Editor's note: Don Hyman is a semi-retired communication and marketing consultant and freelance writer living in Fairfield. A member of the Aspetuck Land Trust board of directors, he realized a long-held dream in November when he joined an expedition to Antarctica. This is his account of that trip.
The long journey from Fairfield to the Palmer Peninsula of Antarctica is beyond even the considerable mapping skills of Google. An early explorer wrote that only five words were needed to describe the seventh and last to be discovered of the Earth's continents -- "grandeur, vastness, beauty, loneliness and malevolence."
Those words seem true now, just days after my return. The malevolence part actually still keeps me up at night.
Antarctica is a pristine, essentially white space, about 1.5 times the size of the U.S., according to the CIA's World Fact Book. To me, the hopelessly overused word "awesome" should be reserved only for describing Antarctica.
There is neither a government nor clear political boundaries. It is administered under a treaty expiring in 2048 signed by 48 nations. Twenty-nine nations have set up small observation posts along the coastline and interior. The process resembles dogs sniffing around phone poles, marking territory where others have done the same.
An estimated 96 percent of the land is covered with ice a mile thick or more, leaving only 4 percent exposed, often granite outcroppings. Flora is almost nonexistent, save for a few lichens and mosses, but fauna abound. Whales, seals, penguins, other birds and vast clusters of shrimp-like krill, which everything else eats, were daily companions. Icebergs the size of the Fairfield Ludlowe High and Ludlowe Middle schools' combined campus were common and stunningly beautiful.
Old in geology, Antarctica is new in terms of western history. The first human beings known to set foot on the land were early British whaling and seal skin entrepreneurs who arrived in 1820. Severe weather and seasonal ice shelves extending from the continent's rocky coastline prevented earlier human exploration. By comparison, almost two centuries earlier in 1639, Fairfield was incorporated as a settlement by other British entrepreneurs focused mostly on agriculture.
But the absence of human civilization, save for scientists based there, is the very quality that makes Antarctica so wonderful. It hasn't been messed up. Yet.
Friends and family all asked why I wanted to go to Antarctica. The short answer -- adventure. It was a bucket-list item for me, but it also is an increasingly popular destination for young and old alike. All become ambassadors and environmental advocates for the continual protection and careful management of the continent. In the 2009-10 season, 37,000 tourists visited the continent, according to the World Atlas. All of these people travel under tightly regulated conditions governed by the International Antarctic Travel Organization.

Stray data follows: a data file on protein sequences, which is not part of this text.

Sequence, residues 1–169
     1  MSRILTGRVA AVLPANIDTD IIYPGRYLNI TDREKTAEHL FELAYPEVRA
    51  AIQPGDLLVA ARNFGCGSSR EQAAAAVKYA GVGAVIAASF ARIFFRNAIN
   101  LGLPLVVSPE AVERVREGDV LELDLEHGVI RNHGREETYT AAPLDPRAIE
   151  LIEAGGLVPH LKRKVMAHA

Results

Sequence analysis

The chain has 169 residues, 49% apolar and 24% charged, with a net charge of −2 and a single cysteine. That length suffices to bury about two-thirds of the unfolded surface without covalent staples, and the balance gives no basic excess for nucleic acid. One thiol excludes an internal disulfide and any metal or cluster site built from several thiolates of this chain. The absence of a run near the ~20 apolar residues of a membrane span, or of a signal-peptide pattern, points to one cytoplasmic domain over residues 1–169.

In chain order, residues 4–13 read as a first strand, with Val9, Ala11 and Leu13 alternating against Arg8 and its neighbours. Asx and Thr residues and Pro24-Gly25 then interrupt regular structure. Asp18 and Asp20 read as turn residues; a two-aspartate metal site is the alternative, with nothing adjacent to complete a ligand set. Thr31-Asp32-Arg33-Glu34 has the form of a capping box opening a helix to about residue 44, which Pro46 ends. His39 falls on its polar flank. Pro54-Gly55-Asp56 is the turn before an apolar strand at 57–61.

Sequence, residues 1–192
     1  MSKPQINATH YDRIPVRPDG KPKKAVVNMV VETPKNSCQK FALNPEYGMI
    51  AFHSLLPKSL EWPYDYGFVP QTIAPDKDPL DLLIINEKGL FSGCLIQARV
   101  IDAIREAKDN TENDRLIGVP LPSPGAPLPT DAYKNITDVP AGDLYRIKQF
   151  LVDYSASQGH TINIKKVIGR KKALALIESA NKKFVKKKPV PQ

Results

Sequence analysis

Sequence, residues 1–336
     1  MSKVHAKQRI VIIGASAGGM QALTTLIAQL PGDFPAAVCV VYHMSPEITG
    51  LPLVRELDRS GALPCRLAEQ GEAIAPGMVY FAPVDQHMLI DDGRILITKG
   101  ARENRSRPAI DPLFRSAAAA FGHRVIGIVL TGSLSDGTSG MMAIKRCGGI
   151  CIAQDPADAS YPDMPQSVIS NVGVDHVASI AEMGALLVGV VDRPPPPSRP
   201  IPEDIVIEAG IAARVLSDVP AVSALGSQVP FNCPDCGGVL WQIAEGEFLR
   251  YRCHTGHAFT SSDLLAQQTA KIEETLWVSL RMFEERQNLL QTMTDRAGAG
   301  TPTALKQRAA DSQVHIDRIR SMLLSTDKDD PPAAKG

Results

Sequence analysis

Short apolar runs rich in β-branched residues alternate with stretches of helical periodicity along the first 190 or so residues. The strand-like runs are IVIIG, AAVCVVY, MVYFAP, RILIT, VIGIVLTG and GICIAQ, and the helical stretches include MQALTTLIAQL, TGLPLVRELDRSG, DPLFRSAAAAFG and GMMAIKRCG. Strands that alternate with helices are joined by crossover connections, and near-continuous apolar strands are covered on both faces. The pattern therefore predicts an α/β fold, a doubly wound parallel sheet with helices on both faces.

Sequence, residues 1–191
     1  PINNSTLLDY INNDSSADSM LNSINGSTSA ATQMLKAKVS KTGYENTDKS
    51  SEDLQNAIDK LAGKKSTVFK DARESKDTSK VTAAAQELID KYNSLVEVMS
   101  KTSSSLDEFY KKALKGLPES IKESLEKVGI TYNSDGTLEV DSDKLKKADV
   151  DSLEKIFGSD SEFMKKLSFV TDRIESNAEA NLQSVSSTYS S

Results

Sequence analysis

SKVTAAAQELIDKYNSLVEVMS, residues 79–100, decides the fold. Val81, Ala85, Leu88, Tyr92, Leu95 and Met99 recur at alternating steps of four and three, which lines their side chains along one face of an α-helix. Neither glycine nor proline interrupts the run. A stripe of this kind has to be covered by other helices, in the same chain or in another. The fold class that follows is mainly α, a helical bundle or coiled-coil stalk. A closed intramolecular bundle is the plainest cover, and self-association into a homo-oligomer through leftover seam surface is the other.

Wildlife, strictly protected but fearless of and very curious about humans, could be no closer than five meters or 15 feet. Our guides enforced this constantly. The penguins, whales and seals, however, often disobeyed. My clothing was all closely inspected and vacuumed by personnel on the ship I traveled on to make absolutely certain no plant seeds or invasive species from Connecticut or from Tierra del Fuego, Argentina, where I embarked from, were inadvertently introduced.
The journey down and back for me involved a nearly 11-hour flight to Buenos Aires from New York, a 24-hour layover, then a three-hour flight to Ushuaia, a port at the bottom of Argentina. After some hiking in the Alpine-like Patagonia region, I joined a group of 75 travelers from 20 countries boarding the Sea Spirit, a sturdy 272-foot-long ice hard class, converted small cruise ship operated by Quark Expeditions, organizers of the trip.
On the way down, we powered through seas from six to nine feet in height, spending two-plus days crossing the Southern Ocean's Drake Passage before making landfall. For the return trip winds were 35 to 40 knots and seas got to 27 feet in height. That's gale force, or level eight on the Beaufort wind scale that stops at 12. It is an understatement to say a 27-foot swell is not like the one- to two-foot wave heights we normally see in Long Island Sound. Our crew and ship, however, were fine through it all, even if some experienced "The Drake Diet Plan." Twice I was thrown out of my bed to the floor.
Who are these crazy people?
In between turbulent Drake Passage crossings leaving and returning to Argentina, we spent seven glorious, flat water days in the protected channels and fjords of the Antarctic Peninsula. The ship was our home. Each day we left in the morning and afternoon to shadow our scientist guides. We moved in tightly controlled, small groups for carefully limited amounts of time snowshoeing on ice- and snow-covered land, or cruising inlets in sturdy inflatable Zodiacs or for some, in sea kayaks. We explored a jagged and, at times, nearly blinding beauty.
Most on our voyage might be described as well-traveled eco-tourists. Travel marketers would classify us as the "light adventurer" segment. We ranged in age from 15 to 76. English was the official language of the trip. Thanks to the crew's precautions and wise guidance, we had no injuries and everyone returned home in seemingly good health.